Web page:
Wednesday, December 26, 2007


OK -- this post is going to be a little unfair to you, emotionally. It's a heart rending story, but there are some good elements of joy to it.

We challenged each set of missionaries to do an act of charitable service for someone else to enjoy the real spirit of Christmas. The couples in the office chose to do our service for the Center for Polio Victims in Kinshasa. This center at any one time has between 60 and 110 young people, virtually all orphans, who have deformities usually associated with polio. As there is little vaccine here, a disease that we don't give much of a thought to in the more civilized world can strike young people with terrible effects.

The Center's goal is to bring the young people in, arrange for surgeons to do the best possible corrective action that can maximize the young person's mobility, and then try to use physical therapy to help them re-enter the world. What world they will go back to will be very challenging, given the lack of employment and their capacity to compete. We see hundreds of handicapped people on the streets of Kinshasa each day. Society generally is very tolerant of them, and they are able to beg without any hassle from others. We wish we could give meaningful things to them, but given all the demands on our time, the best we can do is to hand out tubes of crackers that we can buy here for about 40 cents. Marsha tries to keep 8 to 10 in the car whenever we go somewhere, and we hand them out with the hope that at least they won't go hungry for 12 hours.

The Center has an annual grant from external sources (in this case, US AID is a major donor), but last week, the Barlows came here and discovered that there was almost no food in the entire center. So our service project was relatively simple -- help these young people eat for a week or so, until the 2008 grant is received.

The Center is run by some wonderful people. A young English woman from London arrived about two weeks ago to take the place of another volunteer. She is planning to be here for two years, and she will be stretched and challenged in every way. The plumbing is down most of the time -- there are only about two flush toilets for the 60 to 100 young people, and there are always things to be done from a physical facilities standpoint. Stretching the grants and aid received from external sources will be a challenge. Somebody has to work with the doctors who provide corrective surgery on an as available basis, at very low cost. You are so grateful for people like this who are truly making a difference in the world.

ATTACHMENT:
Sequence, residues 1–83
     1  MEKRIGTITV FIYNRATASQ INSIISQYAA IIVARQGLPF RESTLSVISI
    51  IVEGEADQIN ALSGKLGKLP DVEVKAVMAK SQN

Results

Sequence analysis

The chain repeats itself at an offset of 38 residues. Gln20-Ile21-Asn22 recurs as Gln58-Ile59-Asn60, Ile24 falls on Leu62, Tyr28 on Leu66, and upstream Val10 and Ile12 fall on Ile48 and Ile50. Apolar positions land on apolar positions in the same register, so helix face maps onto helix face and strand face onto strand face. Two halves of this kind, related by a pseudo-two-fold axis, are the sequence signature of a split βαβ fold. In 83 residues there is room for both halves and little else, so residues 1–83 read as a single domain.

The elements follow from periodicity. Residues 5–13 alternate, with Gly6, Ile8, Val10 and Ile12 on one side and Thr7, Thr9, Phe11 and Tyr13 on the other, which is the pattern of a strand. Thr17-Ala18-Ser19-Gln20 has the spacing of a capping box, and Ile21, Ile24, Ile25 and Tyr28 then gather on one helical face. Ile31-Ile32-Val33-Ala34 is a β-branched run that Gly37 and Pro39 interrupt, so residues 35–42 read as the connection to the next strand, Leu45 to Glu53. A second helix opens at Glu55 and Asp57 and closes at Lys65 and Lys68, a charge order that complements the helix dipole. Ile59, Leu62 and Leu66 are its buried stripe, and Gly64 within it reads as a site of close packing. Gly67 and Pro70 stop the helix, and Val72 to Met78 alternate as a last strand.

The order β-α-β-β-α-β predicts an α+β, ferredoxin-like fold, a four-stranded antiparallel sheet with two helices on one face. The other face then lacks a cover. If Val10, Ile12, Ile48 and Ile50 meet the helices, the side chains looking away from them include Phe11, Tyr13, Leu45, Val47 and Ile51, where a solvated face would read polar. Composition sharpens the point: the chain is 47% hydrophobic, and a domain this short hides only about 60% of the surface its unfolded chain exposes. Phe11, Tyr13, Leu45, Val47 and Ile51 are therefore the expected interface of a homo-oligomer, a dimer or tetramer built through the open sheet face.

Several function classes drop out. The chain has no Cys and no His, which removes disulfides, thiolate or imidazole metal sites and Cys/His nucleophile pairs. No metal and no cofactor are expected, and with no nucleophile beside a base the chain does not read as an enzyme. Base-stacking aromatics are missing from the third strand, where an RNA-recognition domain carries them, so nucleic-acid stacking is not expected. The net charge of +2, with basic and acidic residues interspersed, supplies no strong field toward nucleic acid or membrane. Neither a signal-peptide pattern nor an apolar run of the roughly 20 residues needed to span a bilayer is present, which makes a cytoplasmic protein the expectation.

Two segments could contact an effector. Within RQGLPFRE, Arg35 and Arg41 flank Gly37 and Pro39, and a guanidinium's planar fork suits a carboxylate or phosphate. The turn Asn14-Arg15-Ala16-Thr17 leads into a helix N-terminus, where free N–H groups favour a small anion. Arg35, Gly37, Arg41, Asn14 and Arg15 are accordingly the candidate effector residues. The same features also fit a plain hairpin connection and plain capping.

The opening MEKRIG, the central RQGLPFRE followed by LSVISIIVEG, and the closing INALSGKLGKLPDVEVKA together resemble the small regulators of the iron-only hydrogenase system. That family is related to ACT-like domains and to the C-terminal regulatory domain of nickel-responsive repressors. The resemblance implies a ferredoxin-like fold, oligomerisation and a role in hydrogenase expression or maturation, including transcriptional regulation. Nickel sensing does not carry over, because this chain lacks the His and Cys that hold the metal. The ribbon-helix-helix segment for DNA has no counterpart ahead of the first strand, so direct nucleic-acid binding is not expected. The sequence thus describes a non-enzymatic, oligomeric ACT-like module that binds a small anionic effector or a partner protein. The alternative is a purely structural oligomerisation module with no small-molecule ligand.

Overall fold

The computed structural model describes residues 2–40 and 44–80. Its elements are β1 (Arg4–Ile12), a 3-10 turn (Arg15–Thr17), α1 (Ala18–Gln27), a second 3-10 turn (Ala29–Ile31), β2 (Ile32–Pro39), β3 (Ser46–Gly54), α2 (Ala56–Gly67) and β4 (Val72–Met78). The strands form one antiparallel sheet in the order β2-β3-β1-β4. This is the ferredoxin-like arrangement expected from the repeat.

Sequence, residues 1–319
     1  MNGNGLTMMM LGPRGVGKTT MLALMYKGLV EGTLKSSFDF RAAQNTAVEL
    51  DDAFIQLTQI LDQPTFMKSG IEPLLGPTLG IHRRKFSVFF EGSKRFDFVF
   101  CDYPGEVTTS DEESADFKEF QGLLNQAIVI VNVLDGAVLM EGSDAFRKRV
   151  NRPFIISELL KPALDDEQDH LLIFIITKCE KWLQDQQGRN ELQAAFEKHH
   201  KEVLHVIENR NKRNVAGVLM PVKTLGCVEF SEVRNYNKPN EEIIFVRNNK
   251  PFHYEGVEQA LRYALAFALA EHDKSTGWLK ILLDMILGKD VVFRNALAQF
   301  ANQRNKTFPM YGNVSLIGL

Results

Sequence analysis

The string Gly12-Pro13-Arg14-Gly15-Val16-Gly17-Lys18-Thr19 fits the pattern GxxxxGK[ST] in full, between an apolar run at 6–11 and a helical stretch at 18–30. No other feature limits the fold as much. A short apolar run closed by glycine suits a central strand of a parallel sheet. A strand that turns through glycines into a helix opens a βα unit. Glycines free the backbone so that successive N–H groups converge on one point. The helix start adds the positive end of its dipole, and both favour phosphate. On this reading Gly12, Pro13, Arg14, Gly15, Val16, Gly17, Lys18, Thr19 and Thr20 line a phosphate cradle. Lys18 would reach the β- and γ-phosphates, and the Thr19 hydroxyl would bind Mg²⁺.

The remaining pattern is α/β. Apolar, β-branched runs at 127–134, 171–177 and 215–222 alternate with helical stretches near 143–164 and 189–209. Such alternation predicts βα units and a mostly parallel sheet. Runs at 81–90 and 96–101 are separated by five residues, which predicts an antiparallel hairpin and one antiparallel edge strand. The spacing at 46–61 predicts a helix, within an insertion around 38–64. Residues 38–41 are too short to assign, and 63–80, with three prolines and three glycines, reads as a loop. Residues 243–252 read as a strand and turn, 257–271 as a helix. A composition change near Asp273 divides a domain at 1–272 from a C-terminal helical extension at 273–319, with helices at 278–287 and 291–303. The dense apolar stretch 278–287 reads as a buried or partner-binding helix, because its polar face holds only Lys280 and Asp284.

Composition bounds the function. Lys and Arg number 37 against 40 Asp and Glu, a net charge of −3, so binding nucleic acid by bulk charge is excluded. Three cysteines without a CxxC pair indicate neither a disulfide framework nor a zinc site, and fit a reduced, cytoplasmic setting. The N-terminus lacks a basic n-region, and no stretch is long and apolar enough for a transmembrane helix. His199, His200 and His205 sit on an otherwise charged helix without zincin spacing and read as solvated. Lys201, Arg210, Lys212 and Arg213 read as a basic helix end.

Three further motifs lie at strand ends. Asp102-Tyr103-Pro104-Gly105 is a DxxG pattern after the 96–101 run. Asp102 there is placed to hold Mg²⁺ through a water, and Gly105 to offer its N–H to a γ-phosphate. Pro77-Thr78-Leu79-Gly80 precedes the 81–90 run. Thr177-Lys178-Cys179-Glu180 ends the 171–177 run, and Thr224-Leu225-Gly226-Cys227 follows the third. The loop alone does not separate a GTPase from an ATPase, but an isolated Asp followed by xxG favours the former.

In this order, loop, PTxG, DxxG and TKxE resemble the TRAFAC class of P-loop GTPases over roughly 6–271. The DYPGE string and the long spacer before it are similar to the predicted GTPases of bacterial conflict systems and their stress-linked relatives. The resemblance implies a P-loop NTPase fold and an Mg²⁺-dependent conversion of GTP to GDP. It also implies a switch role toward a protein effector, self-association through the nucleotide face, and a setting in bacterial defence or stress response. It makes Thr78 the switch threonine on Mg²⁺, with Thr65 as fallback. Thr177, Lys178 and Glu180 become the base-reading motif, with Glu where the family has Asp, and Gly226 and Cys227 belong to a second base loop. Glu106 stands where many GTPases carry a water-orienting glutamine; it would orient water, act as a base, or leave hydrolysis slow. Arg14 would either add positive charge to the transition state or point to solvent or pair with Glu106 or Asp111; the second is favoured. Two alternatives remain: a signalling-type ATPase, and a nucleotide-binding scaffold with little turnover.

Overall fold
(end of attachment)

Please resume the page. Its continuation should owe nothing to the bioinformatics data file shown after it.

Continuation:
Here the Barlows are with the African mama who "really runs" the place -- the children all respect and obey her, and she deals with preparing the food, etc.
As the three couples in Kinshasa (the Barlows -- Humanitarian Directors; the Thomas's -- who serve in the office and keep the mission running; the Livingstone's), we decided to ante up and buy 100 kilos of rice and 60 kilos of beans. It won't be fancy, but it will be a good complete protein and filling for the children here, and will keep them fed for another week until their 2008 grant kicks in. Along with the rice and beans, we also prepared about 100 little sacks with a sleeve of crackers or cookies, a few candies and some other things for Christmas which we distributed to the youth who are here.

While we were there, another gift arrived -- a car with the back stuffed with bagettes. Most of the bagettes were stuffed into big white plastic sacks and carried into the kitchen -- both not all. Most kids received a bagette and started gnawing on it with gusto, a pretty good sign that they had not eaten all that well for some period of time. The bandage indicates that this young man has received his corrective surgery, and hopefully in the near future will be able to start walking, although it seems that his left leg will be very much shorter than his right leg. Even so, look at the diameter of his right leg -- so small!!

Each person at the center has to have braces and crutches which are made pretty specifically for them. Right now, this is done by hand and is a laboriously slow process. One of the things we hope to do as a Humanitarian project is to secure funding for about $ 10,000 which will buy a very effective metal bending, cutting and drilling machine that will allow the center to make the braces and crutches much more quickly, and also provide them with a way to make things for other purposes and bring a source of sustainable income for the center so that it won't have to totally depend on grants and aid.

This young man sat pensively almost the first 20 minutes we were there, watching us with eyes that at times were questioning, at times suspicious, but finally he accepted us and opened the small bag of cookies, etc. that he is holding in his hands. He ate the cookies -- more like devoured them, and we moved on. But the next picture will break your heart. I hope and think that he is one of the children waiting for the corrective surgery.

If your heart wasn't aching by now, then look at how this young man has to get around. Physical therapists come here on a volunteer basis, unfortunately not often enough, to help these young people rehabilitate themselves as best they can.

We wish we could show you the short video clip we took of these young kids swaying back and forth, dancing to a boom box in the background. That young man in the center next to the one in the yellow shirt had ALLLL the moves, even if his legs are terribly deformed.

At the end of the day, everyone is dancing -- even Elder Thomas, our laid-back terrific financial genius in the office. What a day!!